Park Chan-wook’s vengeance trilogy reviewed.  Like Tarantino flicks?  Never seen Korean cinema?  This is a good place to start.  Read on…


Like bloodshed and samurai warriors? How about insane kung fu choreography?

Azumi (bloody Japanese samurai flick) and Iron Monkey (high-flying Chinese kung-fu flick) reviewed.

Read the post here.

Sorry it took so long to update. The last 2 weeks were filled with exams, and I still have more to come so bear with me. Continuing with Extreme Asian Cinema, I’m taking a look at two different flicks. The unifying theme: torture. While one movie definitely falls into the “horror” category, I would say the other is less easily categorized. Check it out.

Save the Green Planet! (http://www.imdb.com/title/tt0354668/)

save the green planet

So I’m not sure what to say about this flick. In my own words I’d call it, “unforgettably messed up.” Not easily categorized, the movie switches between genres left and right (sci-fi, comedy, horror, suspense). In the end, I’m uncertain how I feel throughout the movie. The premise of the story goes as follows: One crazy guy thinks that the CEO of a successful chemical company is actually an alien leader. He kidnaps and tortures the so-called alien while a suspicious cop investigates. The title of the film, though evocative of a humanitarian treehugging feeling, is in actuality in reference to the crazy guy’s attempt save the planet from the aliens.

The flick is an interesting experience to say the least. While it didn’t quite tickle my fancy, it was pretty engaging the entire way through. Be prepared for a lot of ridiculous twists and tangents that somehow lead to whole movie. I wouldn’t call this flick an example of perfectly cohesive filmmaking, but there seems to be some method to the madness. Check it out if you want to try something a bit different.

Audition (http://www.imdb.com/title/tt0235198/)


“This wire can cut through meat and bone easily.” – Asami Yamazaki

Takashi Miike is a prominent name in the Japanese extreme cinema underworld, and his film “Audition” is well known along with “Ichi the Killer” are some of the best known (or the one’s that I’ve been hearing most about.) I decided to check out “Audition,” and again, I’d say it was an experience. The movie is straight up horror, but instead of cheap thrills that make you jump, “Audition” slowly builds up to a climax that makes you cringe. The film follows Shigeharu Aoyama, a widower, who decides it is time to meet a new woman. His friend offers to hold a fake audition to screen various actresses, and Shigeharu can meet a new wife. A great idea in theory almost works in execution except for the fact that the girl Shigeharu chooses is Asami Yamazaki, a completely crazy sadist-bitch.

Looks can be deceiving in this flick, and you know that Asami isn’t quite right as you watch the film. You hope that Shigeharu drops her for another, but he decides to pursue this mysterious not-so-innocent girl. As I said before, the movie works at a slow pace building toward the insane climax à la “Alien.” In contrast though, Ridley Scott is a little more conservative with the blood and guts as “Audition” paints on the gore quite liberally. Miike brings the hurt, and there are some seriously disturbing images in this film.  Don’t see this film if you can’t handle the bloodletting in traditional slashers – this movie goes above and beyond with the sadistic violence.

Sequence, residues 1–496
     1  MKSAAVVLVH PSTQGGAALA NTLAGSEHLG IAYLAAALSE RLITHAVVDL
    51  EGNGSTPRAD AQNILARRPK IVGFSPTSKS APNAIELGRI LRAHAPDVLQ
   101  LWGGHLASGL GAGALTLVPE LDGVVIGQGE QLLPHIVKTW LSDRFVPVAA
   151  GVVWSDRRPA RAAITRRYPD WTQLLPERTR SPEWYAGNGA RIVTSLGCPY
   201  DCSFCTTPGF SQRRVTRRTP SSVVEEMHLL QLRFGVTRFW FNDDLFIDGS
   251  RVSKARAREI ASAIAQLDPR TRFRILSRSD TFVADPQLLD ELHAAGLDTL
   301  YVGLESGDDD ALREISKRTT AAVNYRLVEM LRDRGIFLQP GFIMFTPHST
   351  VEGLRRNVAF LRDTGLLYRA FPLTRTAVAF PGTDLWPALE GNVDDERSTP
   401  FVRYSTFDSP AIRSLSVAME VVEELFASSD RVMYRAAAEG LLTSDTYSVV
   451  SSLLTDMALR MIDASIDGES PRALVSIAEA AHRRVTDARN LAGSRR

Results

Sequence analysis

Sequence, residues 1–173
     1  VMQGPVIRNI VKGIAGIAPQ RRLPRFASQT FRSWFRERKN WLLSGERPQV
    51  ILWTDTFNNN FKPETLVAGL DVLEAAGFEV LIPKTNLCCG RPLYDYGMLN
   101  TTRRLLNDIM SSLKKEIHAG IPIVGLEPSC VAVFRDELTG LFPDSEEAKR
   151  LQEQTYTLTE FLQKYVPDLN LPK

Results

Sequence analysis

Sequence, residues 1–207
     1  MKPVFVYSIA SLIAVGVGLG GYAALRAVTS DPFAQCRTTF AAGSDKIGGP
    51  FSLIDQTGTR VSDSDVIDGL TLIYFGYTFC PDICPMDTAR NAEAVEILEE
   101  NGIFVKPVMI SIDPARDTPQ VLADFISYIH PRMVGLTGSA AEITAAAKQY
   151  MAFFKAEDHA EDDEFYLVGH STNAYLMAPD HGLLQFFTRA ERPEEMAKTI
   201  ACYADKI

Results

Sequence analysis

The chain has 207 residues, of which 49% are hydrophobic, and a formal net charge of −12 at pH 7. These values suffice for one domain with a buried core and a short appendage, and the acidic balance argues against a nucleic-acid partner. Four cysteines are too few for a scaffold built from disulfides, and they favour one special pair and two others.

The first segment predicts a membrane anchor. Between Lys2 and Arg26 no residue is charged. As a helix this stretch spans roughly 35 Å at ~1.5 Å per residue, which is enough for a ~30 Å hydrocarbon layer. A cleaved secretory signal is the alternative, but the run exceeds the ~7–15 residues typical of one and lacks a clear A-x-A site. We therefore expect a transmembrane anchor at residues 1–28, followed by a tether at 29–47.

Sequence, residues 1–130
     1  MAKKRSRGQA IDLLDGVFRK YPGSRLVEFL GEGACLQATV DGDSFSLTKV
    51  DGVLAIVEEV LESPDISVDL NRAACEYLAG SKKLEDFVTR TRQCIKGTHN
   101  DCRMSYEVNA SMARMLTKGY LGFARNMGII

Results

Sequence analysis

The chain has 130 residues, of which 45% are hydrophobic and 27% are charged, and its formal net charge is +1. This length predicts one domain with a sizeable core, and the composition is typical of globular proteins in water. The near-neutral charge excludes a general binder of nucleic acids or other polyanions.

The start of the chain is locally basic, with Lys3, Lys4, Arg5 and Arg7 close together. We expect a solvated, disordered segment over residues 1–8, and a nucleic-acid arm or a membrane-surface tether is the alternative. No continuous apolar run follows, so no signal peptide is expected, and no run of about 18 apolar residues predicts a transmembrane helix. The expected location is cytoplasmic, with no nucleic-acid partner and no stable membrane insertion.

While I can usually stomach violence and gore decently well, “Audition” definitely made me cringe in horror.  There’s something about a quiet girl sticking long needles into someone’s face I find a bit disturbing…

Both flicks: 2.5 disemboweled limbs out of a pile of 5

While originally not connected to the “Extreme Asian Cinema” series, I’ve decided to post this little interlude of martial art movie reviews; cool martial arts are pretty extreme after all. Over last weekend, I saw the Jet Li movie “Fearless,” and this past summer, I also indulged in a few other martial art extravaganzas (Jet Li’s Unleashed, Tony Jaa’s Ong-Bak, and Iron Monkey). Let’s take a look at them.

Fearless (http://www.imdb.com/title/tt0446059/)


So this isn’t actually Jet Li’s last movie, but it’s still pretty sweet so you should check it out anyways! In the vain of Zhang Yimou’s “Hero,” “Fearless” is a “China is awesome!” movie filled with spectacular fight choreography. Jet Li’s kicks and punches haven’t been better, and since the dialogue isn’t in english, you don’t have to laugh when Jet Li speaks! While the subtitles to the film weren’t completely accurate, they work pretty well. The movie does have a middle section of pure narrative, lacking in any sort of corporal punishment for a good 15-20 min. This change in pace was a bit of a turn off, but the movie rebounds back with spirit till the end. All in all, a tight package of Jet Li doing what he does best. Check it out!

Ong-Bak: The Thai Warrior (http://www.imdb.com/title/tt0368909/)

ong bak